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Background to Burning of Auchindoun

DigiTrad:
BURNING OF AUCHINDOUN


Related threads:
(origins) Origins: Gaelic Verse in Burning of Auchindoun (29)
Chord Req: Burning of Auchindoun (4)


Maryrrf 26 May 02 - 08:19 PM
toadfrog 26 May 02 - 08:39 PM
GUEST, NOMADman 26 May 02 - 08:51 PM
masato sakurai 26 May 02 - 09:20 PM
Maryrrf 26 May 02 - 10:32 PM
Susanne (skw) 27 May 02 - 06:39 PM
Scabby Douglas 28 May 02 - 04:08 AM
GUEST,pavane 28 May 02 - 07:54 AM
Joe Offer 28 May 02 - 03:00 PM
Susanne (skw) 28 May 02 - 07:39 PM
Scabby Douglas 29 May 02 - 04:13 AM
GUEST 29 May 02 - 07:04 AM
Maryrrf 29 May 02 - 07:10 AM
Malcolm Douglas 29 May 02 - 07:56 AM
Wolfgang 30 May 02 - 05:53 AM
Scabby Douglas 30 May 02 - 08:12 AM
Reiver 2 05 Nov 03 - 06:22 PM
michaelr 05 Nov 03 - 08:37 PM
Malcolm Douglas 05 Nov 03 - 10:18 PM
Reiver 2 06 Nov 03 - 02:29 PM
Susanne (skw) 06 Nov 03 - 07:49 PM
GUEST,n_sheed@hotmail.com 25 Oct 04 - 03:20 PM
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Subject: Origins: Background to Burning of Auchindoun
From: Maryrrf
Date: 26 May 02 - 08:19 PM

I found the lyrics in the DT. Anybody know the background? Who was Willie MacIntosh?

Click for lyrics in Digital Tradition
Related thread: Historical Ballads


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Subject: RE: Background to Burning of Auchindoun
From: toadfrog
Date: 26 May 02 - 08:39 PM

McColl has it:

Following the murder of the Earl of Murray, the MacIntoshes of the Clan Chattan pillaged a castle and killed four men on an estate belonging to the Earl of Huntley [who had killed him, in 1592, after he was accused of conspiring with Bothwell against the king]. In retaliation, Huntley laid waste the lands of the Clan Chattan. Returning home from this engagement he surprised the MacIntoshes spoiling his lands at Cabrach and, in the ensuint fight, killed sixty of them.


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Subject: RE: Background to Burning of Auchindoun
From: GUEST, NOMADman
Date: 26 May 02 - 08:51 PM

This is Child Ballad #183. Professor Child notes, "Two William MacIntoshes are Confounded in this ballad. The burning of Auchindown (sic)is attributed, rightly or wrongly, to an earlier William, captain of the clan, who, in August, 1550 was formally convicted of conspiracy against the life of the Earl of Huntly, then lietenant in the north, sentenced to lose his life and lands, and, despite a pledge to the contrary, executed shortly after by the Countess of Huntly."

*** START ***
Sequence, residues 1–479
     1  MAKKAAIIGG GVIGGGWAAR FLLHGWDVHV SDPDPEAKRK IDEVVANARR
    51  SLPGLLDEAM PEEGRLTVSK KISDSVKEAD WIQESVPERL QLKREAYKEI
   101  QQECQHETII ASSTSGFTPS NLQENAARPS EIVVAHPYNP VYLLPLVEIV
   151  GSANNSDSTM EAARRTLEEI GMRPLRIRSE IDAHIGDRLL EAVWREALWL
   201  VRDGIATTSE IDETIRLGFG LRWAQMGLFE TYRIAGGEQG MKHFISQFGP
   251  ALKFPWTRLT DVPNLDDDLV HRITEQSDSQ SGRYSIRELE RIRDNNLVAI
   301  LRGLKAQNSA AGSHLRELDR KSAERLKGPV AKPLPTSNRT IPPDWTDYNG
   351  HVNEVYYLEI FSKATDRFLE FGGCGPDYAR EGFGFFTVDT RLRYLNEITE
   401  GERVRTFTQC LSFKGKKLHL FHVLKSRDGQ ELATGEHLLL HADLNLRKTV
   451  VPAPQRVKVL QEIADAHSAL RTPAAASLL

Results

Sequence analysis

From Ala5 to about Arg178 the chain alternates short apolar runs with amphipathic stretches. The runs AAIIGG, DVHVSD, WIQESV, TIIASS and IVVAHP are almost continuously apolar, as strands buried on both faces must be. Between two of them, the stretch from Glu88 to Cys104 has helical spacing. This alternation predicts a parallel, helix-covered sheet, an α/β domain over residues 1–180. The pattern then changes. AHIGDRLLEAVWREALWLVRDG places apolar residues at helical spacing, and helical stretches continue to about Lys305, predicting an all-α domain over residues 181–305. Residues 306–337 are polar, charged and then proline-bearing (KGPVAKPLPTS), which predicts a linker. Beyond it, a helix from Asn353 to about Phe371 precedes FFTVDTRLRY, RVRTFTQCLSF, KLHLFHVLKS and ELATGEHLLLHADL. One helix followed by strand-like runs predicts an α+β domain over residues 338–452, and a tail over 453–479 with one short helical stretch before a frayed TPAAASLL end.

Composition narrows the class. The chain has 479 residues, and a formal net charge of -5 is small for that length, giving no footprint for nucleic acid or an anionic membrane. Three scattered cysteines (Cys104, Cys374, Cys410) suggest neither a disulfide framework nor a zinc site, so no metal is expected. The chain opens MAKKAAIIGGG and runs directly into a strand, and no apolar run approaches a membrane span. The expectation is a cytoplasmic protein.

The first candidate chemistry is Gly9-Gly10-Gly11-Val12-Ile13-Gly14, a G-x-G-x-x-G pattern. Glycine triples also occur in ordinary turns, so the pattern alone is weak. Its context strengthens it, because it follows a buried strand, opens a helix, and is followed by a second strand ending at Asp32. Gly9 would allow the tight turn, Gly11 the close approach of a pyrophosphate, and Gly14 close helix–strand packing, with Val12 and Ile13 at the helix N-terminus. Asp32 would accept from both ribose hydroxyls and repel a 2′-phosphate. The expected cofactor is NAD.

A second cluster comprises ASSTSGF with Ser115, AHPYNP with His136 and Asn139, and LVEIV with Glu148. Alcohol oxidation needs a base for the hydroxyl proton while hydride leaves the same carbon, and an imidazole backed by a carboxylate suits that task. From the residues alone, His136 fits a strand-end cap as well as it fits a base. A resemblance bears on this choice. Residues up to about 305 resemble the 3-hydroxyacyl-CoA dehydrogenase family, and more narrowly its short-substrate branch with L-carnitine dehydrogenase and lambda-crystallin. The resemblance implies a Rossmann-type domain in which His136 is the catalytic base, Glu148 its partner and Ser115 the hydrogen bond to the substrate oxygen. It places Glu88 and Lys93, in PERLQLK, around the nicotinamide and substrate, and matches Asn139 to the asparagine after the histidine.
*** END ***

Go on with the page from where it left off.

Child's cited references are Lesley, John, History of Scotland; Gregory, Donald, History of the Western Highlands ed. 1881 and Browne, James, History of the Highlands, IV.

Regards,
John


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Subject: RE: Background to Burning of Auchindoun
From: masato sakurai
Date: 26 May 02 - 09:20 PM

AUCHINDOUN CASTLE, with photos.

~Masato


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Subject: RE: Background to Burning of Auchindoun
From: Maryrrf
Date: 26 May 02 - 10:32 PM

Thanks, everybody! Mudcat comes through again!


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Subject: RE: Background to Burning of Auchindoun
From: Susanne (skw)
Date: 27 May 02 - 06:39 PM

Some more info here:

Ferrickside


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Subject: RE: Background to Burning of Auchindoun
From: Scabby Douglas
Date: 28 May 02 - 04:08 AM

Hi Susanne, how are you? Recovered from your Scottish trip and your Euro gathering?

Can I make a teensy correction? I'm pretty sure that it's "Fiddich-side" - as in Glenfiddich, rather than Ferrick side...

It makes sense because Auchindoun castle is near the River Fiddich.

Cheers

Steven


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Subject: RE: Background to Burning of Auchindoun
From: GUEST,pavane
Date: 28 May 02 - 07:54 AM

If you haven't heard it, listen to Silly Sisters (June Tabor and Maddy Prior) for a stark and dramatic version


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Subject: ADD: Willie MacIntosh (Child #183)
From: Joe Offer
Date: 28 May 02 - 03:00 PM

Thanks to MMario, here are the lyrics to the two versions in Child. The version in the Digital Tradition is #183B, with a few modernizations of words.
-Joe Offer-


CHILD 183A

`TURN, Willie Macintosh,
Turn, I bid you;
Gin ye burn Auchindown,
Huntly will head you.'

`Head me or hang me,
That canna fley me;
I'll burn Auchendown
Ere the life lea me.'

Coming down Deeside,
In a clear morning,
Auchindown was in flame,
Ere the cock-crawing.

But coming oer Cairn Croom,
And looking down, man,
I saw Willie Macintosh
Burn Auchindown, man,

`Bonny Willie Macintosh,
Whare left ye your men?'
`I left them in the Stapler,
But they'll never come hame.'

`Bonny Willie Macintosh,
Whare now is your men?'
`I left them in the Stapler,
Sleeping in their sheen.'


CHILD 183B

As I came in by Fiddich-side,
In a May morning,
I met Willie Mackintosh,
An hour before the dawning.

`Turn again, turn again,
Turn again, I bid ye;
If ye burn Auchindown,
Huntly he will head ye.'

`Head me, hang me,
That sall never fear me;
I'll burn Auchindown
Before the life leaves me.'

As I came in by Auchindown,
In a May morning,
Auchindown was in a bleeze,
An hour before the dawning.

***

Crawing, crawing,
For my crowse crawing,
I lost the best feather i my wing